I did just that this morning. I have no idea why the memory popped into my head while I was cycling to work, but I suddenly thought of a story a friend told me about a train ride from Newcastle to Edinburgh. She'd started talking to an American couple who were visiting the UK for the first time, and was sharing her knowledge of the region through which they were passing. As the train came to a stop in the lovely seaside town of Berwick-upon-Tweed, the American guy asked, "so, what is there to do in Burr-wick-upon-Tweed?"
This made my friend smile, because contrary to what a foreigner would logically think, Berwick is actually pronounced Berrick. (Warwick is also pronounced Worrick, not War-wick). Being a helpful sort, she politely corrected him with "actually, the w is silent".
"OK then", he replied, "what is there to do in Burr-wick-upon-Teed?"
Now, before I get into other examples of British-town-names-that-North-Americans-pronounce-incorrectly, I'd like to pre-empt any accusations of anti-North-American sentiment by pointing out that I'm aware that this works both ways. When I first moved here, I (and every Brit of my acquaintaince who's visited or immigrated since) mispronounced Chilliwack as Chilly-wack, and Winnipeg as Winny-peg, several times. A kind and helpful Canadian eventually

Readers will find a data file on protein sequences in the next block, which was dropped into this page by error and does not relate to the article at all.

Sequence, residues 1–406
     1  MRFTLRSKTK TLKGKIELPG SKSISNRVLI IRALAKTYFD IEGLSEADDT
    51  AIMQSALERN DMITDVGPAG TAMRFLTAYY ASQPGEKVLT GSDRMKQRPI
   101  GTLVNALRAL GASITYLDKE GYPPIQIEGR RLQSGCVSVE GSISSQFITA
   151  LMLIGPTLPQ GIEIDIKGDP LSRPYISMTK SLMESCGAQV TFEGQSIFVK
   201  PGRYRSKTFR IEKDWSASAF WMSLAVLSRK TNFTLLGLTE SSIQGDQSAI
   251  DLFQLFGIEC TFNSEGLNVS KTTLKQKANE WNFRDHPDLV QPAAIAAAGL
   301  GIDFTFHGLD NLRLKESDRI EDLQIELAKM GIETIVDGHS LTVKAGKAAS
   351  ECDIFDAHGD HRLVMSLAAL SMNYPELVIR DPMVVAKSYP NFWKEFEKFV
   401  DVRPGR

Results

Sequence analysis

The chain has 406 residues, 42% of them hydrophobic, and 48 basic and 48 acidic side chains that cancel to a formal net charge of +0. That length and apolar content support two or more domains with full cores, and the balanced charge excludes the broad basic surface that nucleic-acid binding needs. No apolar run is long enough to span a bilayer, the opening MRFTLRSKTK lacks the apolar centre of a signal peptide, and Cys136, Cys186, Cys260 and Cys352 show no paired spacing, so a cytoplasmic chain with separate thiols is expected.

So. Back to Britain. Leicester rhymes with Fester, and Gloucester rhymes with Foster. Glasgow rhymes with Go, not Cow, and the nearby town of Milngavie is pronounced Mull-guy, but no-one ever gets that one right the first time (and I'm not even touching Wales). Also, county names that end in -shire should sound like -shuh, not -shy-er. (York-shuh, Lester-shuh and so on). -by on the end of a name (e.g. the town of Haxby, where I grew up) signifies a -be sound, not a -buy sound (Hax-be). And -ham on the end of a name should be pronounced -um, not -ham (so it's Old-um, not Old-ham, and Birming-um, not Birming-ham). So far, so good.
It's the -burghs, -boroughs, and -broughs that really trip people up though. You see, they're all pronounced the same way. Yup, Edinburgh, Peterborough, and Middlesbrough all end with the same sound - Edin-bruh, Peter-bruh, Middles-bruh.
No, really, they do.
But the best mispronunciation story ever was told to me by a friend who went to university in the Midlands. He was once asked for directions by a car full of Aussies - and could barely stop laughing for long enough to tell them how to get to Loughborough.
Which is pronounced Luff-bruh.